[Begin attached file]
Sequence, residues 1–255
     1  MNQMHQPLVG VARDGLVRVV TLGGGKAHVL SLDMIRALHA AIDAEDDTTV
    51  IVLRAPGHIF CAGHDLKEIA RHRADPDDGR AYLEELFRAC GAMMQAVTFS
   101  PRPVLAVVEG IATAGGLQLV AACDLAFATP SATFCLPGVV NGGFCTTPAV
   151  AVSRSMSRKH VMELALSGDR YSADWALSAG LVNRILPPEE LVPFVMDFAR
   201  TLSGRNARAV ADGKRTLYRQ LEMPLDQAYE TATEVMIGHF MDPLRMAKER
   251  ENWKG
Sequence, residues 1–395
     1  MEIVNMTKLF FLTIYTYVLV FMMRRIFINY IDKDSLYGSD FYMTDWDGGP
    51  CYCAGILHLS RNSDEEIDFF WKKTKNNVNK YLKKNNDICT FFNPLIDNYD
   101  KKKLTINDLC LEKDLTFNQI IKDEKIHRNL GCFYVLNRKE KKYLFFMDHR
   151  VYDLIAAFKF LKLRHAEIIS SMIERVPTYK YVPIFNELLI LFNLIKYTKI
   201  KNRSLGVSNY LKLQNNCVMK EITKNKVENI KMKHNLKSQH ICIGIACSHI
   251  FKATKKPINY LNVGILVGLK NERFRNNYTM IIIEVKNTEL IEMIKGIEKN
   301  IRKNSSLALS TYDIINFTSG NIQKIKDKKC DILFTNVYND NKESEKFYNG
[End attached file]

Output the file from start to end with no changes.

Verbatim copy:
Sequence, residues 1–255
     1  MNQMHQPLVG VARDGLVRVV TLGGGKAHVL SLDMIRALHA AIDAEDDTTV
    51  IVLRAPGHIF CAGHDLKEIA RHRADPDDGR AYLEELFRAC GAMMQAVTFS
   101  PRPVLAVVEG IATAGGLQLV AACDLAFATP SATFCLPGVV NGGFCTTPAV
   151  AVSRSMSRKH VMELALSGDR YSADWALSAG LVNRILPPEE LVPFVMDFAR
   201  TLSGRNARAV ADGKRTLYRQ LEMPLDQAYE TATEVMIGHF MDPLRMAKER
   251  ENWKG
Sequence, residues 1–395
     1  MEIVNMTKLF FLTIYTYVLV FMMRRIFINY IDKDSLYGSD FYMTDWDGGP
    51  CYCAGILHLS RNSDEEIDFF WKKTKNNVNK YLKKNNDICT FFNPLIDNYD
   101  KKKLTINDLC LEKDLTFNQI IKDEKIHRNL GCFYVLNRKE KKYLFFMDHR
   151  VYDLIAAFKF LKLRHAEIIS SMIERVPTYK YVPIFNELLI LFNLIKYTKI
   201  KNRSLGVSNY LKLQNNCVMK EITKNKVENI KMKHNLKSQH ICIGIACSHI
   251  FKATKKPINY LNVGILVGLK NERFRNNYTM IIIEVKNTEL IEMIKGIEKN
   301  IRKNSSLALS TYDIINFTSG NIQKIKDKKC DILFTNVYND NKESEKFYNG